6. Less threatening for beginners.
The scraped shins, torn biceps, the hyper-extended lockouts—for the average gymgoer, seeing this play out can dissuade them from wanting to deadlifts.
The trap bar solves a lot of those barriers. It also shortens the learning curve for deadlift form.
Deadlifts, despite their simple-looking technique, take time and coaching to properly master.
A trap bar is a great transitional tool to straight-bar deadlifts as your hips can sit lower, your shins aren’t getting shaved by the bar, and you can get a better sense of how the lift should be performed.
7. Trap bars are wildly versatile.
Even though we tend to view the barbell as the be-all and end-all for heavy lifts in the gym, the trap bar is just as versatile as it’s straight-laced brethren.
Stuff you can do with a trap bar includes doing overhead press (with a neutral grip woopwoop), farmer’s walks, floor presses, split squats, and so on.
The barbell will always get the most attention, but the trap bar is sneaky-sneaky with how functional it can be.
Using a trap bar at home
With a lot of gyms closed, more and more athletes are turning to pimping out their own home gyms.
One of the bright spots of COVID has been the explosion in home fitness gear. More competition has resulted in decreased prices for commercial-grade fitness equipment for the home user.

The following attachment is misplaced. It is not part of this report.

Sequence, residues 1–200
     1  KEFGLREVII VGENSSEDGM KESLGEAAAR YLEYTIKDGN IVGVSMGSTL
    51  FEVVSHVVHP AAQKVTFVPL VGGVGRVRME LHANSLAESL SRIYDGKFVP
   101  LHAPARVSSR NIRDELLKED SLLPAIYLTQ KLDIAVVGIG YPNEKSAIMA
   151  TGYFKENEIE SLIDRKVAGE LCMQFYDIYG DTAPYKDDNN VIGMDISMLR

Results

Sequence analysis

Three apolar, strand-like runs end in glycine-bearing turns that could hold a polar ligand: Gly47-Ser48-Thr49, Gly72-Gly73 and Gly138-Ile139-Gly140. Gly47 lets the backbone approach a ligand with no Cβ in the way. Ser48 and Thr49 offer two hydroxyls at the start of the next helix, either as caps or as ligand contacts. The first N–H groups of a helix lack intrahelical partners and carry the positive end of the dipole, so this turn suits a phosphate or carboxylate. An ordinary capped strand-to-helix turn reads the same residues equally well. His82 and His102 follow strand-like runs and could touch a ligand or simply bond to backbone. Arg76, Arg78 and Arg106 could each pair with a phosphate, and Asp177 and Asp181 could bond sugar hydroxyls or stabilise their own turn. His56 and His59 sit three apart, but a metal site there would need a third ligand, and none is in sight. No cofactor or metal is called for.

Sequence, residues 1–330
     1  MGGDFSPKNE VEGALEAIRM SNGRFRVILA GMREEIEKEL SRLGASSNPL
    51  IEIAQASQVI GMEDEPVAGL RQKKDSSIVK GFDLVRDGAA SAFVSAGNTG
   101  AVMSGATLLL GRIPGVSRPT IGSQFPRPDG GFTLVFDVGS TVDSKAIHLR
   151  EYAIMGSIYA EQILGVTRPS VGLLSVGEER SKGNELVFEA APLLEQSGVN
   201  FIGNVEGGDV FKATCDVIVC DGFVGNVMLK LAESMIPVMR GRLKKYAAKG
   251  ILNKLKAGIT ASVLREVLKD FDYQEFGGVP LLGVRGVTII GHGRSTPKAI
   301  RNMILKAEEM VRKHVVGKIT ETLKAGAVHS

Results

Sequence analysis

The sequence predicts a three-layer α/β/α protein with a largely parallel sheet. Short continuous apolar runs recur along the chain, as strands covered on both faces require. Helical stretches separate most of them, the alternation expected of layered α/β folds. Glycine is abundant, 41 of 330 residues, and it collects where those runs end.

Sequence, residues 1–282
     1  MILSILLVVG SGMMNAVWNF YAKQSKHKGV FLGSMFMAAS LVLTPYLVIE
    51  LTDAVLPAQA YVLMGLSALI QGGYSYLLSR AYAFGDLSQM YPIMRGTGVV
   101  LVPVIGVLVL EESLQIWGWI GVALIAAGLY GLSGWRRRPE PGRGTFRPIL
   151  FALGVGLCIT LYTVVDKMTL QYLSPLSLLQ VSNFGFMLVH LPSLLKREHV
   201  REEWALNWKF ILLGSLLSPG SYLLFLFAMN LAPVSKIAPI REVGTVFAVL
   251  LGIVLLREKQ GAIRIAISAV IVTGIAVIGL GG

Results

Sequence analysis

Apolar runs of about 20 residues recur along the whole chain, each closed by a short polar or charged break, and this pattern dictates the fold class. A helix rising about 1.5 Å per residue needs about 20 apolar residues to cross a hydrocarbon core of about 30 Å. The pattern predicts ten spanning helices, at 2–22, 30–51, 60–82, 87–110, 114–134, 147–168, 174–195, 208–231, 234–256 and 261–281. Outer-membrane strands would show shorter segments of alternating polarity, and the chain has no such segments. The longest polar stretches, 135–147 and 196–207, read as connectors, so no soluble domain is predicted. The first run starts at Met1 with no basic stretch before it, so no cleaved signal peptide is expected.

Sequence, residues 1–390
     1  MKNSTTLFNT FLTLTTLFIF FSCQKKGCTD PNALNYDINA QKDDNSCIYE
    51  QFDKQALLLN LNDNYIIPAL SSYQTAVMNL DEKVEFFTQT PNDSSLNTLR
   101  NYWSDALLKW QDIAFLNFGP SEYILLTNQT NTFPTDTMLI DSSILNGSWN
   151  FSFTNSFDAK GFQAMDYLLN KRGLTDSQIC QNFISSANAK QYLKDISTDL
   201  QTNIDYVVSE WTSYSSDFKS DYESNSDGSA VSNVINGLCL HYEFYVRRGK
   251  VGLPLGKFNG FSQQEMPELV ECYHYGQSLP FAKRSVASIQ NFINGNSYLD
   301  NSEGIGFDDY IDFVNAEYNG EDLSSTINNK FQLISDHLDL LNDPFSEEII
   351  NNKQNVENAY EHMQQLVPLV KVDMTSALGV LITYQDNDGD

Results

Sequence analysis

And that includes picking up a killer trap bar for deadlifting.
Here is a quick list of my favorite trap bars for home gyms (👈 check out my comprehensive buyer’s guide if you want more info on these bars and more).
- Rogue TB-2. This is my go-to trap bar at home. Raised handles, long sleeves (16” total), and Rogue’s patented black powder-coat earns top marks and top performance.
- CAP Barbell Olympic Trap Bar. This bad boy has the basics dialed in: dual handles, rated for up to 500-pounds of plates, and available in a few different colors to look all shiny and pretty in your home gym.
- Everyday Essentials Hex Bar. No frills, made of heavy-duty steel, has dual handles, and rated for up to 1,000-lbs. Affordably priced. Enough said.